A couple of days before Halloween, I found myself evoking her name, desperate for some new tactic to get my children to behave. By her, I mean the only creature that seems to inspire fear and obedience in my 6- and 3-year-old kids: our Elf on the Shelf, whom my daughter named Mary Christmas in a stroke of toddler genius.
I figured, hey, I was already filling up our basement storage space with Amazon Prime packages filled with Christmas presents I didn't want to pay a surcharge for on eBay; why not also bring out a bit of my own holiday joy in the form of an inanimate object that acts as a surprisingly effective behavioral tool?
I get that I'm a hypocrite. Just yesterday, I was cursing my favorite big-box store as it started putting up Christmas displays before the last Halloween decoration had been removed. "What about Thanksgiving?" I wanted to ask one employee, who was placing stacks of toy catalogs at the end of every check-out counter, each one filled with dozens of overpriced playthings my kids were sure to put on their wish lists, then forget about 15 minutes after they unwrapped them.
I was still recovering from the aftermath of two kids' Halloween sugar highs (followed by the inevitable crashes), and starting the Christmas madness before I even got a chance to prepare myself by going to see A Bad Moms Christmas with a bottle of wine stashed in my purse seemed premature . . . until I remembered the power of the elf, a bright light in my preholiday mom life.
You moms of little ones know that the indoor season (really, I think there should just be two seasons: Outdoor, when kids get to play outside and therefore are less annoying, and Indoor, when they're stuck inside and constantly begging you to entertain them — aka mom hell) can feel never-ending. We can only threaten to take away those iPads or put our children in timeout so many times before they realize we're terrible with the follow-through and those iPads are the only things giving us mothers a modicum of sanity. However imaginary they are in reality, we need a bigger arsenal of threats that are totally legitimate to kids.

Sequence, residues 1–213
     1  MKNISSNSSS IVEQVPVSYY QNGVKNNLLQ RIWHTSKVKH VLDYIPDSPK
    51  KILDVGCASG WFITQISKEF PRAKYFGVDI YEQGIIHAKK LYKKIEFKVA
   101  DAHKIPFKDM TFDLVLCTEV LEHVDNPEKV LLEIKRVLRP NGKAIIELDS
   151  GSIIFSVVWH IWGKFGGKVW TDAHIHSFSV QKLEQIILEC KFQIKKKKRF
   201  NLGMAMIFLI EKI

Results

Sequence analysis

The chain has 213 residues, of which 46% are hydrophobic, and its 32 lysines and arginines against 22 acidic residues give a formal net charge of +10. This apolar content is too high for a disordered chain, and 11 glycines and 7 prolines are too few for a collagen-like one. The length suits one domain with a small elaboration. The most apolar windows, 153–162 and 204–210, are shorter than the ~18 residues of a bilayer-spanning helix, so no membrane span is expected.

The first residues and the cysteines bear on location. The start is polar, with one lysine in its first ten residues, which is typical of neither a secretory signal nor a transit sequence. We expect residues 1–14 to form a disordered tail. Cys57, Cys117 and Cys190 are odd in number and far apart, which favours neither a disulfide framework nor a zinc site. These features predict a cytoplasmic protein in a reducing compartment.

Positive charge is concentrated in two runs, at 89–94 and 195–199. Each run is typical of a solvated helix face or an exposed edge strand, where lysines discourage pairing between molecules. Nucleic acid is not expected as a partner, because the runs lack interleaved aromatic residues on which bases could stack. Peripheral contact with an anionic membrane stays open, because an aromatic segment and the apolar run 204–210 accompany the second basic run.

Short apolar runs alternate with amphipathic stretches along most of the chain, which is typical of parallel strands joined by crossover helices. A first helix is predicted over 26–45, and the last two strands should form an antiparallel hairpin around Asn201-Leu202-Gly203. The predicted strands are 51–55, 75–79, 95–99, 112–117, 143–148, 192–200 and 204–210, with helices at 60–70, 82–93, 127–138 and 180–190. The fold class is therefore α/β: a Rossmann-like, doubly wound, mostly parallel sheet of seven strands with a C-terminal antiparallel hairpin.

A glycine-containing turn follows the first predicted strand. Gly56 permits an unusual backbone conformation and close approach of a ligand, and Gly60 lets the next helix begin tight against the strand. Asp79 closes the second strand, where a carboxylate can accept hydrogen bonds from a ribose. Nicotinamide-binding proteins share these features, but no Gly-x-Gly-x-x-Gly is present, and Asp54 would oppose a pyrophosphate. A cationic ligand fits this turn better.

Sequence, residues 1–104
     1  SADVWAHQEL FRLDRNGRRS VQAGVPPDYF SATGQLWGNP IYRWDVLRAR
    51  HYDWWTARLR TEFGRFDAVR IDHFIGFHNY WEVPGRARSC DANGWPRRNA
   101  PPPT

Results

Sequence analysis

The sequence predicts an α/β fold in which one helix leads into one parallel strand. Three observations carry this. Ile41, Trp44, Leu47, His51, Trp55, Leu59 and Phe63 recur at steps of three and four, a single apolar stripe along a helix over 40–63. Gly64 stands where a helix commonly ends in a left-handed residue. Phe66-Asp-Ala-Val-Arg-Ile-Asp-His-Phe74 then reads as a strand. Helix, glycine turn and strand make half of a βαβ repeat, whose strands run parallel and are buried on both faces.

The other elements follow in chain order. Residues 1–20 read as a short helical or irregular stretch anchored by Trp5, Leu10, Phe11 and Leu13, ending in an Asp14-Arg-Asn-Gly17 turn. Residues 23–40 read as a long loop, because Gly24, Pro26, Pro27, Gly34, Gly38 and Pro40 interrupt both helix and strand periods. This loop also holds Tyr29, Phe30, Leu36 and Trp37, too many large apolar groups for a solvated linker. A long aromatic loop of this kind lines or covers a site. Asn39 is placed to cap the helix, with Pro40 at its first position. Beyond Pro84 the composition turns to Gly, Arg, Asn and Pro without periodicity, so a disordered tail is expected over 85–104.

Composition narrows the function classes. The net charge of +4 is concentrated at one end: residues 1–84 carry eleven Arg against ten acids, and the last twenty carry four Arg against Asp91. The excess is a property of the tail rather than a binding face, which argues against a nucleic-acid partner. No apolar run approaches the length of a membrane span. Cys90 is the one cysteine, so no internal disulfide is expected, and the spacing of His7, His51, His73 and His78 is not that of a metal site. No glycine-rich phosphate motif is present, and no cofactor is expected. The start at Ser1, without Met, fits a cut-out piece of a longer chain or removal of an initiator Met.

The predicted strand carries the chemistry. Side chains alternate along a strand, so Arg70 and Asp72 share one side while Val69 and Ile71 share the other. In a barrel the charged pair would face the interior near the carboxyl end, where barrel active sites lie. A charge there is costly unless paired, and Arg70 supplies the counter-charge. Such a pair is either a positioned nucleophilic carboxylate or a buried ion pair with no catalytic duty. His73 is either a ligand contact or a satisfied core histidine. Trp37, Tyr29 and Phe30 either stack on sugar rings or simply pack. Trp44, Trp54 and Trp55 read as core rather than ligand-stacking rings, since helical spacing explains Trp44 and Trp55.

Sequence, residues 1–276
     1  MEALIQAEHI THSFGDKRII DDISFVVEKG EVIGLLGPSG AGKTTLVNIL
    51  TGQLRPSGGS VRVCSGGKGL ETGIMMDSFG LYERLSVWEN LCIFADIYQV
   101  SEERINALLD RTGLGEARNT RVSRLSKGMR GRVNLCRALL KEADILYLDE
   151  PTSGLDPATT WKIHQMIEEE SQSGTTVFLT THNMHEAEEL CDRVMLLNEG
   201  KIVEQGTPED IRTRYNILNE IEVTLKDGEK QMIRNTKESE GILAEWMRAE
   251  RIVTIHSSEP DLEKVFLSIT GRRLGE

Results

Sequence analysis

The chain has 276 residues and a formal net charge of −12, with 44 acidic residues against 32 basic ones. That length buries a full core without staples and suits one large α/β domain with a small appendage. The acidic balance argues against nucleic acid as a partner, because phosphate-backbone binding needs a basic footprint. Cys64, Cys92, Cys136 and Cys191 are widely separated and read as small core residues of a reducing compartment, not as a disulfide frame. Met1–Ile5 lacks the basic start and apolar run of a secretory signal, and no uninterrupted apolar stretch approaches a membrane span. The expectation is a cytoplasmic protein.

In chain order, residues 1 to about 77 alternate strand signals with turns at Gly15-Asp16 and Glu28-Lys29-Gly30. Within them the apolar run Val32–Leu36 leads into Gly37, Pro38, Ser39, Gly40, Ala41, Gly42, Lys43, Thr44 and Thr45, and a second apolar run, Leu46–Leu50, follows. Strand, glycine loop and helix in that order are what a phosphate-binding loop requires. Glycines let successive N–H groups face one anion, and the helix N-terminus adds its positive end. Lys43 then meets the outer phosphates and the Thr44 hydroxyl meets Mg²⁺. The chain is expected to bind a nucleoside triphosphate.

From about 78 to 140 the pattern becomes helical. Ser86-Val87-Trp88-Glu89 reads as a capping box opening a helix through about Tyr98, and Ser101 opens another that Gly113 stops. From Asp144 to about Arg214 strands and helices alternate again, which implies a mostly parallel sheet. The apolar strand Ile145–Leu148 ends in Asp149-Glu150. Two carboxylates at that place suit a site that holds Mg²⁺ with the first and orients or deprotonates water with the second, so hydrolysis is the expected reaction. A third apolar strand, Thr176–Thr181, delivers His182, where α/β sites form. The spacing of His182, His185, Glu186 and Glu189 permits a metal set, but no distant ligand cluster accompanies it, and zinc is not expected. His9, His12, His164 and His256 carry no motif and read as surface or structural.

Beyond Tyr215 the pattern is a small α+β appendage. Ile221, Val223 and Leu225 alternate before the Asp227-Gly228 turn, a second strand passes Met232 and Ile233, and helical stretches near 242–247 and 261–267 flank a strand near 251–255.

And this is where the elf comes in. Because that elf isn't reporting our children's misdeeds to us, the parents they've long ago figured out how to manipulate. She's reporting to a higher power: Santa. And no kid of believing age wants to f*ck with Santa. A magical man who delivers every child in the universe's most-desired presents in one freaking night is a force to be reckoned with, and that elf, however unconvincing she, in all her felt and plastic glory, might be to a human with a fully developed brain, is to them a direct line of communication to the big guy. And they want to stay on that nice list.
So, heck yes, I want to use her powers of good-behavior persuasion for as long as possible, but I also know those powers have diminishing returns, especially when I forget to move her for the third time in a week. So, like last year and the year before, I'll wait until after Thanksgiving to bring her out of her box and place her directly within my kids' sight lines for the month of December. They might be already counting down the days until Christmas, but to me, the day she returns is even sweeter.